Later in the book, we'll learn and practice that technique a bit to give you a feel for how it works. Honestly, it's a little tricky to do, and it will take a lot of practice and repetition before you'll get the hang of it, so instead of starting with the authentic technique, we're going to begin our lettering lessons with the next best thing: faux calligraphy. Faux calligraphy looks very similar to brush script, but it's much easier to do! You'll be a pro at it in no time, and you'll be able to write anything and everything you want in a fabulous hand lettered style. Ready to get started?
FAUX CALLIGRAPHY SCRIPT
Write your word in cursive.
You'll want to leave just a little bit more space in between the letters than you normally would. You can use any type of pen, marker or even a pencil to try this technique.
Find your downstrokes and draw a second line for each one.
What's a downstroke? Every time you write, your pen is either moving up, down or horizontally across the page. A downstroke is any time your pen moves down toward you on the paper. The trick to getting the look we want is to draw thick downstrokes and keep all the upstrokes and horizontal strokes thin. In the example below, you can see how I have a second line only where the pen was moving down on the paper as I wrote my word.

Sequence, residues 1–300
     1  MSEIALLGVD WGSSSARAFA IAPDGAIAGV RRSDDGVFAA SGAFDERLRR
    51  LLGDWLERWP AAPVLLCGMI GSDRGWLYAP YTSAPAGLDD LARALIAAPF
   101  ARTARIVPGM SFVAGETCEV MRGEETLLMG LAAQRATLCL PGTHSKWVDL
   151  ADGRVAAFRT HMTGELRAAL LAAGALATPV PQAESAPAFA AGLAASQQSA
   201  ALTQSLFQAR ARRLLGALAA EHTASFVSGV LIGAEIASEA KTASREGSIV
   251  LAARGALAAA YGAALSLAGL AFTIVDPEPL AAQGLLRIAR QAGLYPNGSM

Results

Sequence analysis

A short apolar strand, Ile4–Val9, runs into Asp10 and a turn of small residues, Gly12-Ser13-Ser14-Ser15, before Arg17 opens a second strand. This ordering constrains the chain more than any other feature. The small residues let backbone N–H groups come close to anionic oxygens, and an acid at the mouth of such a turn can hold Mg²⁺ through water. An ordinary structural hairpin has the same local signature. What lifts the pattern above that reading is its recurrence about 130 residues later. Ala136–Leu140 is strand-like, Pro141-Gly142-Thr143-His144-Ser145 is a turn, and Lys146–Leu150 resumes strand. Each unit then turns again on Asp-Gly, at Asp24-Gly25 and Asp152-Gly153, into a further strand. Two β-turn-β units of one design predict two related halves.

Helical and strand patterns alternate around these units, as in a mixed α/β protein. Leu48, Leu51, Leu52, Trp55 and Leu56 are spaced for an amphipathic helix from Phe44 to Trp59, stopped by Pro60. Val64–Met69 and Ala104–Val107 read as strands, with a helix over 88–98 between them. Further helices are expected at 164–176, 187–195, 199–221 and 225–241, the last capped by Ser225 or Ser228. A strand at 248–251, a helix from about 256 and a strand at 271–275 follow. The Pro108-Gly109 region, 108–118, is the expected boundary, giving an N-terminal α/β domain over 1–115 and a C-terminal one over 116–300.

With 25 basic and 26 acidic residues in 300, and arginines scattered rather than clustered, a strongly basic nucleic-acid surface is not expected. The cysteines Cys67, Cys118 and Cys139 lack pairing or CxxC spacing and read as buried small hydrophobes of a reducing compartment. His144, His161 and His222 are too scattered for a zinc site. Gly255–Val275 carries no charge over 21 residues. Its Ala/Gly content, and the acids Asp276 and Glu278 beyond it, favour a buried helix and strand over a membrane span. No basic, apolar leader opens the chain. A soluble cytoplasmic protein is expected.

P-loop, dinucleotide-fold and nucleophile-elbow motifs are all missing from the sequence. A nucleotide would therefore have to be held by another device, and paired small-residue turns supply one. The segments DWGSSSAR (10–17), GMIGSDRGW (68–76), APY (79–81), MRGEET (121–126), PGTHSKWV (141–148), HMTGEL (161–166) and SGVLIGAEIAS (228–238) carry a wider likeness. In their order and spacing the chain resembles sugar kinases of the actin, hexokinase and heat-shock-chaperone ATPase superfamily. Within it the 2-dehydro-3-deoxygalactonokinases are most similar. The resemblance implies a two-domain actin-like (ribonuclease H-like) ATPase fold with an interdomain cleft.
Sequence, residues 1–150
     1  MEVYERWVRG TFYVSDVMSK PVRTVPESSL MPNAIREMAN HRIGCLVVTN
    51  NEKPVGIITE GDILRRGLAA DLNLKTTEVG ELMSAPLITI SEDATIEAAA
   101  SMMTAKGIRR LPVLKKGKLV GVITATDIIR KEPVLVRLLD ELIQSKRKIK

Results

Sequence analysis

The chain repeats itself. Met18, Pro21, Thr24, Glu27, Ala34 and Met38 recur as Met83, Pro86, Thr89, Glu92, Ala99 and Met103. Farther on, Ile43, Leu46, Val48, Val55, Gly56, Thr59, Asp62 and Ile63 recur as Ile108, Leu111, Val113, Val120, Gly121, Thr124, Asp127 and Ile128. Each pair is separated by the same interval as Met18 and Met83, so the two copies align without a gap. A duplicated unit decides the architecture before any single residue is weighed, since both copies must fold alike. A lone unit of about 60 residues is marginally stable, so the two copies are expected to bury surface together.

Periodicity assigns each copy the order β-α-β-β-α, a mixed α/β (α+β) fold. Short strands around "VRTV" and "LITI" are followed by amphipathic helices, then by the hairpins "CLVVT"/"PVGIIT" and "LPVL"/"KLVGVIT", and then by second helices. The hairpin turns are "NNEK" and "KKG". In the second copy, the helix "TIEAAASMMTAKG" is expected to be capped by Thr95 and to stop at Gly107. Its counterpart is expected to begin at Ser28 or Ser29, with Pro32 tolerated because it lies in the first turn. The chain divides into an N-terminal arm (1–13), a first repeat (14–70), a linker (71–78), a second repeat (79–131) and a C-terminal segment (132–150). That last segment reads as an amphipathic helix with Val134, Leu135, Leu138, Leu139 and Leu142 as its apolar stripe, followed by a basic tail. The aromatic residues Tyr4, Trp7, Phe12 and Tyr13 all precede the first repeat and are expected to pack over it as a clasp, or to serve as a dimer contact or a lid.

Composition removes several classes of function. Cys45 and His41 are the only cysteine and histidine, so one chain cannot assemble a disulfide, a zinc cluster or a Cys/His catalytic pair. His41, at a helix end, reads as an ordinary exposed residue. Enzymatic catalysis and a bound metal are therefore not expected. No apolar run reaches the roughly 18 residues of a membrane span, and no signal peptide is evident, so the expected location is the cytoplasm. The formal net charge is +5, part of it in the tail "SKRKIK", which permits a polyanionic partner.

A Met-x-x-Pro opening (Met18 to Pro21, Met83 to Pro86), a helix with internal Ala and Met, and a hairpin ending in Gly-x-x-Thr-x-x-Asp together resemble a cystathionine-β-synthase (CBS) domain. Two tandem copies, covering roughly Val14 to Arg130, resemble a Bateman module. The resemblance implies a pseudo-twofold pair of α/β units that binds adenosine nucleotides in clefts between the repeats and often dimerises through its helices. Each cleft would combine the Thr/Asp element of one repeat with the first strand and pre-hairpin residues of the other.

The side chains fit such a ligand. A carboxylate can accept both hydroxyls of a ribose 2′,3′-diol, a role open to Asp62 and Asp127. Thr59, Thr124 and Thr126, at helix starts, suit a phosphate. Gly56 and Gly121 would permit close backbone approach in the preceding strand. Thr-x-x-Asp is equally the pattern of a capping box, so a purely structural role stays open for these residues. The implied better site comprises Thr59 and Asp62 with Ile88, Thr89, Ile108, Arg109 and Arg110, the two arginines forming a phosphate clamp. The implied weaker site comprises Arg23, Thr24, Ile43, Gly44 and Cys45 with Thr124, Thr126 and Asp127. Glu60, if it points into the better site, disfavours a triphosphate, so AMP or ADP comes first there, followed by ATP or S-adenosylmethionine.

Color in the double line areas to give them the appearance of thick lines.
That's all there is to it! Now you have that pretty brush lettered look with a contrast between thick and thin lines in your letters. It's actually really easy to do, right? For most people, the hardest part is figuring out exactly where the downstrokes are in a specific word or letter. To help you as you're practicing, here is a sample alphabet for you to look at while you write. It's okay if you form some of your cursive letters differently than I do. You want to have your own unique style! This is just a reference to help you figure out which lines should be thick and which stay thin.
In the practice space on the next page, use these letters as a guide as you try writing some words like joy, love, your name and, of course, the words in this design.
When you're ready, create your masterpiece in the special bordered space on the next page. You might want to sketch your phrase in pencil first to get it centered and spaced where you want it to go before tracing over it with a marker. Drawing horizontal lines on the page with a ruler or other straightedge before you start will help you keep your letters lined up. Once your design is finished, you can cut the page out of this book, take a photo of it or scan it into a computer. Then you'll be able to print it out, frame it or share it online.CHAPTER 2
EMBELLISHING WITH FANCY FLOURISHES
You Are Enough